Dallas Dave

Richie turned on the spigot and held the half gallon glass Kerr Mason jar underneath.   His Momma had put some ice cubes in the jar in the kitchen and had sent him out to the back of the house with specific instructions.  Richie had been appointed water boy and his job was to provide water to the people picking cotton.  It was October and the cotton in the seven-acre tract across from the Hoffman house was gleaming white with cotton bolls ready to be picked.  There were going to be a total of four people picking cotton—Richie’s Momma and Russ, Richie’s Daddy, and two colored women from over around the mill hill at Harden.  The Hoffmans had used the colored women last year and had found them to be good workers

Richie remembered that last year he had the same  “water boy” job and had done okay with it. 

“You have got to keep after it purty good, ‘ cause you don’t want your pickers getting’ hot and thirsty; if they get that way they are liable to up and quit,” Richie’s Momma had told him.  So he had done a pretty good job last year, and had even tried his hand at picking cotton, but he gave up on it pretty quickly.  He had watched how his Momma had plucked the brilliant white balls of fiber from the scratchy husks; the husks reminded Richie of how the pink hibiscus flowers looked after they had bloomed and “gone to seed.”  In fact they looked that way presently.  The hibiscus bushes were at either side of the front porch and were very pretty every year, being nurtured by Richie’s grandmother, an octogenarian they all called Granny; she lived with them.   Granny was Richie’s Daddy’s mother; Russ had agreed to take care of her for as long as she lived in exchange for his siblings signing a quit claim deed relative to the family property, around thirty-five acres, which had included an old two story clapboard house with a tin roof, a barn, and some good bottom land.  The barn and house had been built aby Russ’ father Dave;  Dave had died in the early thirties.  In the forties Sarah and Russ had saved their money and peddled butter and eggs over on the mill hill and built the house where they presently lived.

Richie filled the first half gallon jar and screwed the metal top down on it tight   The top was grey metal and had a milky white glass seal under the cap.  Then he filled the second jar; the first jar was clear glass and the second one had a green tint—-it was for the colored women to drink from.

“And don’t you get them mixed up,” Richie’s Momma had told him as she gave him a hard look and sent him out the back door with the two ice laden jars.  Richie filled up the second jar and picked up one in each hand.   The jars had a wire handle that was attached to a circular wire that fit around the top of the jar neck, under the lip where the glass threads stopped.  As Richie carried the water around the side of the house he walked by the dormant hibiscus bushes. He felt a little sad as he looked at the hibiscus husk that reminded him of the cotton husks, remembering how beautiful the deep pink petals had been in the summer, and how the long white pistils had been displayed.  He thought about how they would be open now, and then close up about nine o’clock.  Richie remembered how he used to call them “high biscuits” until one of his sisters had corrected him; she had done it gently though and had even told him how to spell the name.  Richie really loved the flowers, and remembered how upset he had been one day in late summer when he had stayed up real late and overslept the next morning.  When he woke up he knew it was late and was chagrined when he looked out the east facing windows to see that the beautiful flowers were already closed.  He at that moment had vowed to never let that happen again.  He had avoided that tragedy for the remainder of the summer.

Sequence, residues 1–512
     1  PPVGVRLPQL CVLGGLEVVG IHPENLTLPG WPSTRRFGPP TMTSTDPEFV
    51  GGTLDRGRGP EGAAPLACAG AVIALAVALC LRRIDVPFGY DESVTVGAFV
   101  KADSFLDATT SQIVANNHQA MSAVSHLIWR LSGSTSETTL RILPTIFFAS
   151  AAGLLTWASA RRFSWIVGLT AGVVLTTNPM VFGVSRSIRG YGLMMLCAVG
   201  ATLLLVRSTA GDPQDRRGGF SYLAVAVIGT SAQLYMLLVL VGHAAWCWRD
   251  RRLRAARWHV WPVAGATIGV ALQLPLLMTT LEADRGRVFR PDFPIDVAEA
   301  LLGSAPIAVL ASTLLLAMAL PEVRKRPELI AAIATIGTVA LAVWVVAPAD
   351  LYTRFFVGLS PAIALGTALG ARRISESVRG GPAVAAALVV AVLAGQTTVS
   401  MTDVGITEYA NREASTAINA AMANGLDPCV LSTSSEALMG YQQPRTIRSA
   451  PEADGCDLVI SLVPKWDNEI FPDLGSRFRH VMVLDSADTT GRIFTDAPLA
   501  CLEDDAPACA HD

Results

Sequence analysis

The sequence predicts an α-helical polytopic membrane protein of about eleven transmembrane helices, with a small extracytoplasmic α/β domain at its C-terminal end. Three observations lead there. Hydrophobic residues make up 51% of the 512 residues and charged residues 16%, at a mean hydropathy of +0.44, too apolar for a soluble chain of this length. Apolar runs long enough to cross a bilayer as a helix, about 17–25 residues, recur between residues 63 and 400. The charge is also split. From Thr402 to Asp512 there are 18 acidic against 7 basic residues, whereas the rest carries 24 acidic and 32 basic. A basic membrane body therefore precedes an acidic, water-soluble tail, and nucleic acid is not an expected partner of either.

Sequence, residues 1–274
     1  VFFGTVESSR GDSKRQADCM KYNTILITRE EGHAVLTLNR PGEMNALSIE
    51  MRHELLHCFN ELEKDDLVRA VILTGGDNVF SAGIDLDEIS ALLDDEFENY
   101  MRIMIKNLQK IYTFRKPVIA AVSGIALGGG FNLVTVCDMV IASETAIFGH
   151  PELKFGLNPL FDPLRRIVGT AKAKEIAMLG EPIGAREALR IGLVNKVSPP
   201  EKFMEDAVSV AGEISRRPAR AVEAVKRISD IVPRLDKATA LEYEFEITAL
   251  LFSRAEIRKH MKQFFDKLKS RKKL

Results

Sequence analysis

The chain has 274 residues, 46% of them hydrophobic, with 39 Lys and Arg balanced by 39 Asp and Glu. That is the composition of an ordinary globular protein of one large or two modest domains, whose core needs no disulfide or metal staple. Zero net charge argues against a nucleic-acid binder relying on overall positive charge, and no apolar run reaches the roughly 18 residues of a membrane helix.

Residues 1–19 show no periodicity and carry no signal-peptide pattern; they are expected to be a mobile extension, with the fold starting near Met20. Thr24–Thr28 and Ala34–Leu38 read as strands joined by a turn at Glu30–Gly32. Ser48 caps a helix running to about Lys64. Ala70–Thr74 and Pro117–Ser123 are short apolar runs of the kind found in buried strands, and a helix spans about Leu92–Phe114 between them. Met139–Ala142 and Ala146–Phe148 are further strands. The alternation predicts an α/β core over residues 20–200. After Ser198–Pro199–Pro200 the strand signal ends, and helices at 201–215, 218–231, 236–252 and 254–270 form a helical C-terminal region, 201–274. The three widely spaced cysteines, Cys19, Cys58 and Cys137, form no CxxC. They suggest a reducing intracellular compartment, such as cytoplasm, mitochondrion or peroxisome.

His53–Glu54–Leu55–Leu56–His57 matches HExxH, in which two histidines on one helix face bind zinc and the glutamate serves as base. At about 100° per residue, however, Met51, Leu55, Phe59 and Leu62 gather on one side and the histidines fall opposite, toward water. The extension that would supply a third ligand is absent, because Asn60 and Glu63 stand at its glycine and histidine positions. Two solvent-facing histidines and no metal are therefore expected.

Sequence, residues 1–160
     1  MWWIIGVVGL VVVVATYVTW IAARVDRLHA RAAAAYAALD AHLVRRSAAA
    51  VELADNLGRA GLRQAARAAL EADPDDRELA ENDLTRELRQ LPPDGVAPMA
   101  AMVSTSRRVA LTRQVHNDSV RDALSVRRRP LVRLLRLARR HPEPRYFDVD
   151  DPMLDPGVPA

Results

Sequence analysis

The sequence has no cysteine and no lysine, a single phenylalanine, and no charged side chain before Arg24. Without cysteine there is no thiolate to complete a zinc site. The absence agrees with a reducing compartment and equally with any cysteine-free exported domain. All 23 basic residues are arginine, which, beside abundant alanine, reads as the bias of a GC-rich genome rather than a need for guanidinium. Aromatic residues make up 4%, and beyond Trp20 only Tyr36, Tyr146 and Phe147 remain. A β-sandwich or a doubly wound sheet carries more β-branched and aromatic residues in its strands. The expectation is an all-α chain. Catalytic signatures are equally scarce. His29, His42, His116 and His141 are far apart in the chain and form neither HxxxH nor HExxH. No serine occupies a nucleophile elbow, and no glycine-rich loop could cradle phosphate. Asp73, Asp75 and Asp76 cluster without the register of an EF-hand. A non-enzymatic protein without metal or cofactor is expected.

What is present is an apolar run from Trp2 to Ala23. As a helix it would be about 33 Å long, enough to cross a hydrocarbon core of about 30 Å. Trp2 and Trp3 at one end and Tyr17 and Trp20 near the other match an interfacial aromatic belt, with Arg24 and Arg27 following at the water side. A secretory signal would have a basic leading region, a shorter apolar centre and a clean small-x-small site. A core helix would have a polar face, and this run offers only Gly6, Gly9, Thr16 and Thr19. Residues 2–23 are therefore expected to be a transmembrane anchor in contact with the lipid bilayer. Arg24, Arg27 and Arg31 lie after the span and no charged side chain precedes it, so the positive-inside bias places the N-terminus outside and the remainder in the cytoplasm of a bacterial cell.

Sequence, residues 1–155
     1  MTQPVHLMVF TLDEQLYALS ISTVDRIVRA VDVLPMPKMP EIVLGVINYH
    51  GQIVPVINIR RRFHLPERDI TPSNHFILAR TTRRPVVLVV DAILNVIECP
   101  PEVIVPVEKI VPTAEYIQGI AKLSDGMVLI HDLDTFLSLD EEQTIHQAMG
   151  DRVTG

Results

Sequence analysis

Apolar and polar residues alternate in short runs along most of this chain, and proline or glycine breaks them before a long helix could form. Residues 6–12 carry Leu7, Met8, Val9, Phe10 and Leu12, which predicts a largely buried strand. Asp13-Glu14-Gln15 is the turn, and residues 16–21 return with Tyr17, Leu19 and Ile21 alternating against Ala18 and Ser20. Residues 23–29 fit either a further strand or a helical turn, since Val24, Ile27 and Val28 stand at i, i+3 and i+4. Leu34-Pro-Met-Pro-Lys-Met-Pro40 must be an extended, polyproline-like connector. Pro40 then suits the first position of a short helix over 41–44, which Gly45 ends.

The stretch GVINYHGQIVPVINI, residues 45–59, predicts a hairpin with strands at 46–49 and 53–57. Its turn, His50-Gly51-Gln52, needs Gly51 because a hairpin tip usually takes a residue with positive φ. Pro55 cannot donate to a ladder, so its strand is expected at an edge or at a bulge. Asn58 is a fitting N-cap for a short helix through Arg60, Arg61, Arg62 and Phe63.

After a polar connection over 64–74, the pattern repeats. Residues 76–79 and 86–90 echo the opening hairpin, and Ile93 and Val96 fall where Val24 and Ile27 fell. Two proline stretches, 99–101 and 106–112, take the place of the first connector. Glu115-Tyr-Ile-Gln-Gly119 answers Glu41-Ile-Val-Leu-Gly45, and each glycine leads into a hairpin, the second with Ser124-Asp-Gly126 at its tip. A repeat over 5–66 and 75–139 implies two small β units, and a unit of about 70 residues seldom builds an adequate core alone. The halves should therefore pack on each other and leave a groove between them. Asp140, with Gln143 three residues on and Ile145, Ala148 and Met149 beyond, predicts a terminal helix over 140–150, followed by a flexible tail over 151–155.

Richie walked over and sat down on the low concrete porch on the front of the house and looked at the hibiscus bushes as he waited on the cotton pickers to go to the field.  Then he would stay pretty busy keeping them in water; when he had some extra time he would try his hand at picking the fluffy bolls, but he didn’t hold out much hope for getting very good at it.  Guess some people are more suited for totin’ water, he thought to himself as he sat and waited on the porch.

Eliza and Bess were walking the two miles to the Hoffman farm to pick cotton.  They were almost there, fording the small creek down the hill from the frame house that Russ Hoffman had built ten years before.  The creek was shallow at the ford, and for at least ten feet the bottom of the creek and the banks were solid rock.  Unless there had been a lot of rain it made for an easy spot for a car to cross, and equally easy for a couple of colored cotton pickers. 

Liza and Bess were sisters, both in their mid-forties, Eliza being the older by eleven months.  When they were little their momma used to dress them like twins.  They lived in the little shack they had grown up in over near the Harden crossroads.  Their Daddy had been a sharecropper for a long time until he had saved up enough money to buy the little five hundred square foot shanty from his boss, Hiram Castner.  The shack was down in a hollow below Hiram’s boy, Joe’s house.  It had no indoor plumbing but did have a spring up on the side of the hill and an outhouse straddled the swift creek that ran through the two-acre plot.  The girls’ daddy, Adrian Friday, had been a proud man, mighty proud to be a landowner.  Adrian knew that the white scum that lived on the mill hill looked down on him but he figgered he was considerably better off than that bunch.